Now, I must admit, every time someone says "MacLeod" on this show, I think not of the Highlander, but of Dennis Weaver. And then I laugh for a bit, and it's okay, because not much is really going on at any given moment to demand my attention anyway. The show splits its attention between three plotlines that have little to do with one another: Duncan's on-and-off romance with Amanda, the villain's attempt to revenge himself on Duncan, and the possible public unveiling of the immortals, a matter that troubles Watcher Joe and fellow immortal Methos to no end. The plots do ultimately overlap, but the journey makes them feel very dissociated from one another. Details are filled in, to some degree, with flashbacks in the traditional Highlander character-establishing style and meetings with other characters whose appearances, meant to be familiar to longtime viewers, are distressingly random to those unfamiliar with the series, so their dramatic moments fall completely flat. I was mystified by the presence of Fine Young Cannibals's singer despite getting that he'd appeared before. Some of these former compatriots or foes are dispatched by the menacing villain, Kalas. The flashbacks on Duncan's part are primarily concerned with dramatic meetings he'd had with Amanda in the past: the Arabian desert and a 1920s socialite party. It must be said that Gracen is an absolute knockout in the flapper gear; the look really favors her face and form and these are the moments in the show in which she's the most appealing overall as well. Gracen fares less well when cast as Spider-Man; her acrobatics and combat quips are pretty dull. Flips and quips are, however, staples of theatrical stage combat, presentation of which is the real reason this show exists. This stuff is, however, a far cry from the louma-kicking fight scenes of the movie, or indeed any movie save perhaps Robocop 2, which had the most boring action scenes of all time. The camera angles and blocking in these fights are singularly unexciting; indeed, that applies to the entire movie.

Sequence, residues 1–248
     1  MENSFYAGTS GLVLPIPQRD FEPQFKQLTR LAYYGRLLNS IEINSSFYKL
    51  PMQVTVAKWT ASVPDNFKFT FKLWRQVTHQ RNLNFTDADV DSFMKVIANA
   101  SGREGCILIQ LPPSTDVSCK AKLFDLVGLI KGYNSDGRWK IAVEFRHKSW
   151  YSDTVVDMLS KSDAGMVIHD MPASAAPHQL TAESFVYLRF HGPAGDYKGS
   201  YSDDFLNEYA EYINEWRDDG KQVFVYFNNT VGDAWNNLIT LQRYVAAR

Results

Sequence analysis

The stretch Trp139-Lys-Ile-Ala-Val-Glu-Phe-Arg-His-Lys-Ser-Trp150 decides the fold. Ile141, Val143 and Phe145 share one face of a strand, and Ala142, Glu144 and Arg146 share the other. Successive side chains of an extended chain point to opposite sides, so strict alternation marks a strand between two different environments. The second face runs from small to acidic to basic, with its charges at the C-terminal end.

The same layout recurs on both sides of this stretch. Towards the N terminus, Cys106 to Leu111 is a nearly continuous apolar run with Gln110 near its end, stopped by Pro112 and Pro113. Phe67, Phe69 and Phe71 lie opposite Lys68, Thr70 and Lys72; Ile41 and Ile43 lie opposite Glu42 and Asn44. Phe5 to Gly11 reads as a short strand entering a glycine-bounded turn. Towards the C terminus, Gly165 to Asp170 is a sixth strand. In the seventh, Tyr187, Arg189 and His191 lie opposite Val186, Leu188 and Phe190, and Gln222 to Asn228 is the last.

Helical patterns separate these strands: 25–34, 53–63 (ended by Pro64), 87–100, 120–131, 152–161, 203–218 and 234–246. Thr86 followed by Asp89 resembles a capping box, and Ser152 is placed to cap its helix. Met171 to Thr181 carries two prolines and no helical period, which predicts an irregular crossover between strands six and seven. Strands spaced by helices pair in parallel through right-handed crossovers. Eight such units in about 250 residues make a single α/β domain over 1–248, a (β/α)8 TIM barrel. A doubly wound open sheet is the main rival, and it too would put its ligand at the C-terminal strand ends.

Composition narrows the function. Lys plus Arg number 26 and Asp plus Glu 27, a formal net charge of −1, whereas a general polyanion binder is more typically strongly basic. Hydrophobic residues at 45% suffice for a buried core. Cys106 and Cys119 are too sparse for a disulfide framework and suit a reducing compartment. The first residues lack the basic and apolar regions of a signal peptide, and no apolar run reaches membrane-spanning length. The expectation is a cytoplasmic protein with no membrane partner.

As far as Duncan goes, I must say that the fellow bored the hell out of me. Paul does a fair job at a stoic television hero, but his theatrical scenes in the flashbacks fall quite flat. I was more interested in Methos, the immortal who seems to actually bear the scars of a long past with guilt and contemplation. Sadly, there was little here to develop either character very much. The screen time is spent more often on Duncan's dancing scenes with Amanda (one on top of the Eiffel tower, where she tries to convince him to jump just for kicks and he deflects her into a dance, the transition to which is a standout moment of goofiness for Paul) and the villain's endless neck-snappings. It also has the gall to reprise the raspy-voiced villain whose voice rasps because of a throat injury dealt by the hero, which some may remember from the original Highlander film. In the end, of course, there can be...well, the villain will have to be eliminated, let's leave it at that. But what will be the result of the possible exposure of the immortals? The movie leaves this element hanging for the viewer to figure out. Not so much figure out the results, but whether it's even happened or not. Was Kalas lying when he gave the old dead-man ultimatum? If not, what will become of the immortals? Indeed, in the end, there can be only...thousands of long-lived jerks who might or might not have their secret identities disrupted. Big stinkin' deal. I saw a Highlander movie one time that had an actual ending and it wasn't called Finale at all. It also wandered less and had a villain who looked like he was having a good time with it all. And that was The Quickening! Okay, cheap shot, and I actually meant the original. Still, it's hard to see how this could stand alone as a presentation in any way. The fights are dull, the scenes are slow, the blocking is stock, the characters are under-established and bland, and the whole thing is...well, assembled to episodic television standards of a syndicated early-to-mid-nineties fantasy show. Easy to forgive when that's literally true; impossible to forgive in a movie. So take off your damn mask, Finale. The costume party's over.